The Cable

Merkel Ally To Trump: Don’t Use ‘Lies’ About Refugees and Crime in Germany

A Merkel surrogate hits at Trump for falsehoods about a refugee-fueled crime surge in Germany.

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On Monday, Republican presidential nominee Donald Trump claimed crime in Germany has surged due to German Chancellor Angela Merkel’s willingness to accept hundreds of thousands of Syrian refugees. On Tuesday, a surrogate of the powerful German leader accused Trump of using “lies” to justify his plan to keep refugees out of the United States.

Here’s the backstory. During a national security speech Monday, Trump called Merkel’s plan a “disaster,” then used her name to bash his Democratic rival, Hillary Clinton. “In short, Hillary Clinton wants to be America’s Angela Merkel and you know what a disaster this massive immigration has been to Germany and the people of Germany. Crime has risen to levels that no one thought they would ever, ever see. It is a catastrophe,” Trump said.

In a news release Monday, Stephen Miller, an advisor to Trump, doubled down on this claim. He said, “Hillary Clinton is America’s Merkel. She wants to bring in 620,000 refugees, for a cost of about $400 billlion — vastly more than the cost of helping many more in an overseas safe zone.”

Trump also tweeted this image connecting Merkel and Clinton.

As it is with many of Trump’s statements, the problem is that they are patently untrue; there has been no significant crime increase in Germany because of the refugee influx. Michael Roth, Germany’s European affairs minister, told Reuters it was necessary to correct Trump’s assertion because it was based on “fears, lies, and half-truths.”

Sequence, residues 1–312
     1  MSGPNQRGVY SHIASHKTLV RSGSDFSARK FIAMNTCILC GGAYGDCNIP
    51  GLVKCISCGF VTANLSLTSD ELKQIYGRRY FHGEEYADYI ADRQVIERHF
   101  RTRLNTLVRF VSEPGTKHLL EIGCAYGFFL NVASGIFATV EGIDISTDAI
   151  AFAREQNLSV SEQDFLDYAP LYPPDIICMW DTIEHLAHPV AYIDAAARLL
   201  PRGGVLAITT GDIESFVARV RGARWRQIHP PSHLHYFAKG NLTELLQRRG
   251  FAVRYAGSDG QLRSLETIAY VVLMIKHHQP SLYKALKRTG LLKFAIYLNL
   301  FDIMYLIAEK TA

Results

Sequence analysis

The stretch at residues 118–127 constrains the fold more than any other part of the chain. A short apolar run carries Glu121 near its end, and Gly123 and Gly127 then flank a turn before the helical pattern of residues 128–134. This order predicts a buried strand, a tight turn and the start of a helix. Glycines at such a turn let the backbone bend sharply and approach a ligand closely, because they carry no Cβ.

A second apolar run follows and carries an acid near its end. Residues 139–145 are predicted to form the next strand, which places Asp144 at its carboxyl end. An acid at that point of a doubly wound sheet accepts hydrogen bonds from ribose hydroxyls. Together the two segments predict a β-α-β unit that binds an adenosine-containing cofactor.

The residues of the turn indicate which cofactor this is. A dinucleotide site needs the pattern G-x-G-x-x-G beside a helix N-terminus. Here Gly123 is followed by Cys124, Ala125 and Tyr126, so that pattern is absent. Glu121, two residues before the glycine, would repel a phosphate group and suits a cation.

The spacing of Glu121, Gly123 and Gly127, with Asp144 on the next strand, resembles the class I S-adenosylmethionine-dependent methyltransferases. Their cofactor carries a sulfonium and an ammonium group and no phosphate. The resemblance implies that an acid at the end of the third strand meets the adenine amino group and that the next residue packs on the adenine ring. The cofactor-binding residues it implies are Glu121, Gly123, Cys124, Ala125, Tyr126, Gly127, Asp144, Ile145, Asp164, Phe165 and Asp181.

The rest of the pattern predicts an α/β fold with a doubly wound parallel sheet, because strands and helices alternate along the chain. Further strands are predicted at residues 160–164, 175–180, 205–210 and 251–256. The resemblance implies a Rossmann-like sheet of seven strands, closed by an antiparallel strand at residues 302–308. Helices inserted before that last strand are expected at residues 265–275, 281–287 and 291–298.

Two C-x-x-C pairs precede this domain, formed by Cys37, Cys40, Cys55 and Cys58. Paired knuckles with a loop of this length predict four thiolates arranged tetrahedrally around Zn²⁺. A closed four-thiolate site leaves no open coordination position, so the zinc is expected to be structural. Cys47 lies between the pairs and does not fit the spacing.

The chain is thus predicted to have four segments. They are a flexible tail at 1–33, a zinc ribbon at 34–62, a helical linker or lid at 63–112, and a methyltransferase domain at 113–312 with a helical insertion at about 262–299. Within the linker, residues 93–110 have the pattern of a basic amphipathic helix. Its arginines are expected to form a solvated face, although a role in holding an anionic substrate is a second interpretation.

“I’m sorry that the Republican presidential candidate trumpets out things like that without any factual basis,” Roth said. “If he had studied the actual situation in Germany, he would know that, while the many refugees who came to Germany and Europe pose a big challenge for us, and everything is still not completely resolved, they have not led to a massive increase in crime rates.”

In July, Merkel said there is no limit to the number of refugees her country would accept; 800,000 are expected this year. “As a strong, economically healthy country we have the strength to do what is necessary,” the chancellor said. For her part, Clinton has proposed allowing 10,000 to 65,000 Syrian refugees to enter the United States.

Photo credit: J. SCOTT APPLEWHITE/Getty Images

David Francis was a senior reporter for Foreign Policy, where he covered international finance. @davidcfrancis

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